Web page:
But I think also that whinny characters can be funny, I might post this in the other thread, but the other guy (Dr. McKay) has ended up being hilarious because he's so annoying. And because the audience doesn't care about him as much as the other character, the writer's torture him a lot. ... Like once there was this mind control thing that made one of the guy go crazy and shoot a whole bunch of people right before the thing could get fixed and he could realize that he didn't have to shoot anyone, but ... well, McKay got shot and throughout the entire time that the guy was trying to explain the situation over the radio to his superiors McKay was in the background shouting, "You shot me!" every third line or so, it was hilarious! So I guess whiny characters can be a bad thing unless you treat them the right way and then they can be a joke if you want them to be. Cool!

Write on!

Pen.Dragon

PS: Yeah, I'm not quite sure that I made sense, please tell me if I didn't and I'll try to explain it better! THANX!

7/11/2008 #50
Trisana Tennant

Robert Picardo, one of my actors ever. His character of Star Trek: Voyager was pretty whiny sometimes. Dr. McKay did become rather funny, but I stopped watching the show when they killed off the doctor, I forgot his name now.

7/12/2008 #51
R.E.D. the animator

They never killed off the Doctor in Voyager. Well... they did in the first episode and then after that they used the holographic doctor for the rest of the series.

7/12/2008 #52
Trisana Tennant

I was talking anout Atlantis. I saw all off Voyager. Robert Picardo was the holographic doctor

7/12/2008 #53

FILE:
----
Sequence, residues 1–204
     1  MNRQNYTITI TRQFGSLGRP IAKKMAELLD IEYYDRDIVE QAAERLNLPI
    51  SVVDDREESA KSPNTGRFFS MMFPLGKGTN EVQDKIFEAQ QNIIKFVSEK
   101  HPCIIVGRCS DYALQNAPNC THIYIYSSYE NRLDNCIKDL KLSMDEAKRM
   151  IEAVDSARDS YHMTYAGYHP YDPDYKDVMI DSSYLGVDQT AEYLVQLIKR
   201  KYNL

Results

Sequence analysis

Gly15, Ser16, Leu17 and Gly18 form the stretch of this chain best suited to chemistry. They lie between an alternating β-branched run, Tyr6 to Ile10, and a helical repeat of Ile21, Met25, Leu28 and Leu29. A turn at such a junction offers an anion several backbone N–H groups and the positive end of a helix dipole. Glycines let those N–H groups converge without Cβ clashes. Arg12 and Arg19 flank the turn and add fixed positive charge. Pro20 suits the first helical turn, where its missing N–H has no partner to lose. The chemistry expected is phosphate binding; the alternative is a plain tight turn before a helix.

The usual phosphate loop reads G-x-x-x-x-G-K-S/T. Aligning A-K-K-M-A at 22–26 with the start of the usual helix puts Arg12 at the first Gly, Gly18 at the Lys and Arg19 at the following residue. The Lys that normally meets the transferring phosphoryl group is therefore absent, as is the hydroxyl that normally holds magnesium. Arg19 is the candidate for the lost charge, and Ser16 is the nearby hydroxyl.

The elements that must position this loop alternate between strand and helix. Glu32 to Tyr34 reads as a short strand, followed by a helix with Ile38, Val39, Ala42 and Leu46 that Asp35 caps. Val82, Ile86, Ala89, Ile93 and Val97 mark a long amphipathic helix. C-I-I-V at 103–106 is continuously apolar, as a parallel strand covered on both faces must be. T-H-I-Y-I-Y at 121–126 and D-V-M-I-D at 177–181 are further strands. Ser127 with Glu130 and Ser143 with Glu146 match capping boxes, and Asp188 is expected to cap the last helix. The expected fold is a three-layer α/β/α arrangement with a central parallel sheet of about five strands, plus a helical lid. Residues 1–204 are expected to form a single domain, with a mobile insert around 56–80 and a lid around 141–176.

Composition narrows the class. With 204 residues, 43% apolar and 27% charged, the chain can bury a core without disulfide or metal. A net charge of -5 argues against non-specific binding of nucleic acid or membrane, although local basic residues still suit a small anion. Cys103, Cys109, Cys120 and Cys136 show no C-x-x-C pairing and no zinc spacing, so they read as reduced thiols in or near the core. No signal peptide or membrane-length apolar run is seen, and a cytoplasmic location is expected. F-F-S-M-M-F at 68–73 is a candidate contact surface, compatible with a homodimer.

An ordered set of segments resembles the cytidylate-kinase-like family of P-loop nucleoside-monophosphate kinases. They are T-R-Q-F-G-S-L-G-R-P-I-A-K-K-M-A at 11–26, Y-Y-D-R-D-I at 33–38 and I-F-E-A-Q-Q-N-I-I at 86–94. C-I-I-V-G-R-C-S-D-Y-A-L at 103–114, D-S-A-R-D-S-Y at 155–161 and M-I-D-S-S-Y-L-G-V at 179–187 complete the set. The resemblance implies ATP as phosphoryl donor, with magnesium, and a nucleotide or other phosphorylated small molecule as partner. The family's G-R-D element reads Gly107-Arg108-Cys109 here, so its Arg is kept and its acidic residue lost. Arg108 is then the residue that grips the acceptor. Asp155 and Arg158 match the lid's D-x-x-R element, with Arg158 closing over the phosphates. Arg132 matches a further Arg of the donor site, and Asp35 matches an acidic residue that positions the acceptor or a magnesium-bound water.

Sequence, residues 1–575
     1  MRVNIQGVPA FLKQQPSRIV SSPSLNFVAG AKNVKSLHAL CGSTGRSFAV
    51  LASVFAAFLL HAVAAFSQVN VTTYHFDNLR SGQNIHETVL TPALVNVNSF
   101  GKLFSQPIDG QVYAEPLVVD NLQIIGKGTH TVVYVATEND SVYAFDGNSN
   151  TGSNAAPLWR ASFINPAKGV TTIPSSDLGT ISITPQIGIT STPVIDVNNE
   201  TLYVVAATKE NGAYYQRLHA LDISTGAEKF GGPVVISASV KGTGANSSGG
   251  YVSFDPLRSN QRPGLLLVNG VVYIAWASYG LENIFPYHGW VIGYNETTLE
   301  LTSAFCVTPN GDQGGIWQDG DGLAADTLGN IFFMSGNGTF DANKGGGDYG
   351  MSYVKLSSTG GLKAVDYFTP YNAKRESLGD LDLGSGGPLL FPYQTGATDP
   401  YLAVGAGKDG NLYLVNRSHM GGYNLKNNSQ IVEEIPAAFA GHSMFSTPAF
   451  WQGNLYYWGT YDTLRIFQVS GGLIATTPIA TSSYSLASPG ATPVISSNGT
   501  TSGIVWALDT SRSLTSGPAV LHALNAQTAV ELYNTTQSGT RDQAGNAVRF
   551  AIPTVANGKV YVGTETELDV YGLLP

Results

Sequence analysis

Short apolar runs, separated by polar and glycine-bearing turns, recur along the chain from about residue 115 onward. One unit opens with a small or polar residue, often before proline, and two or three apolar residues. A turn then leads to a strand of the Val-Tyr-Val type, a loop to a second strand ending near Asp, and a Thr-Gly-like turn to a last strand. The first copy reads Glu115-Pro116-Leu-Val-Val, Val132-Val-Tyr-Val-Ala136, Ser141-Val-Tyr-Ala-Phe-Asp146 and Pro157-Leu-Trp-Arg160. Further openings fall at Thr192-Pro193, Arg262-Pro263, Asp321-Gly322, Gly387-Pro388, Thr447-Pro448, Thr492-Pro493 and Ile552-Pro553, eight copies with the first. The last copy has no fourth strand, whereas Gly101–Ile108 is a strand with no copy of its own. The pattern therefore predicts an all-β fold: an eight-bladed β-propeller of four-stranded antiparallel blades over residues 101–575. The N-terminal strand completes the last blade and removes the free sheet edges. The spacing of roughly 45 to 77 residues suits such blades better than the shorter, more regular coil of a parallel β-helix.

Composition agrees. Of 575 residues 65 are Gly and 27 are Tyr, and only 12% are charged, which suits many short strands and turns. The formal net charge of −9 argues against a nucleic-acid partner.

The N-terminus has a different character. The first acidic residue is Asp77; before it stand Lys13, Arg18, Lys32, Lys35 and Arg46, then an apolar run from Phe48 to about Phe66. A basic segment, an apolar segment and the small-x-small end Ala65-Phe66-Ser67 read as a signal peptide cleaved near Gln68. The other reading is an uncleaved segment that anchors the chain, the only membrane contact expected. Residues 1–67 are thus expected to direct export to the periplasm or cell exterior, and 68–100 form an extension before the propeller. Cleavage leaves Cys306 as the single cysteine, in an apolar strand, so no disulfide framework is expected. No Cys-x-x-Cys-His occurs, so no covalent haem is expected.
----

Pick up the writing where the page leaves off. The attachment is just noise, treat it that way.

The.Wizard.Pen.Dragon

BECKETT! I LOVED Beckett! He was easily me favorite character, but you should watch the rest of the show ... uh ... I hate to give anything away, but McKay might have been right when he said that thing about the universe being big, so maybe he'd meet him again. ... Sorry if you didn't want to hear that, but the show is great! I like it WAY better than SG1!

Write on!

Pen.Dragon

7/12/2008 #54
XxXthehappyemoXxX

Cussing doesn't ruin a story for me if it's in the dialouge, it helps add personality to a character. A deliquent teen most likely isn't going to use the same vocabulary as his very religious great aunt. I would have to say what does ruin a story for me is to many dirty jokes that make me want to throw up.................

1/19/2009 #55
Dark Meister

What spoils a story for me, huh...

1) Bad spelling and grammar: Who wants to read that? They confuse me a lot!

2) Horrible story plot: Hmm, I don't think I need to explain...

3) Too much of grammar? "I am very sorry, but I am unable to meet you due to my busy schedules. I am planning to have dinner with my daughter tonight," "Sorry, I can't meet you -- I'm really busy. Gonna have dinner with my daughter tonight," Don't you think the first line sounds snobby? I like the not-so grammar-ish dialogue better.

4) Unattractive title: At first glance, I don't think I'll read the story if it's got a boring title... I'll read it later, but that's when I really have nothing to read. :S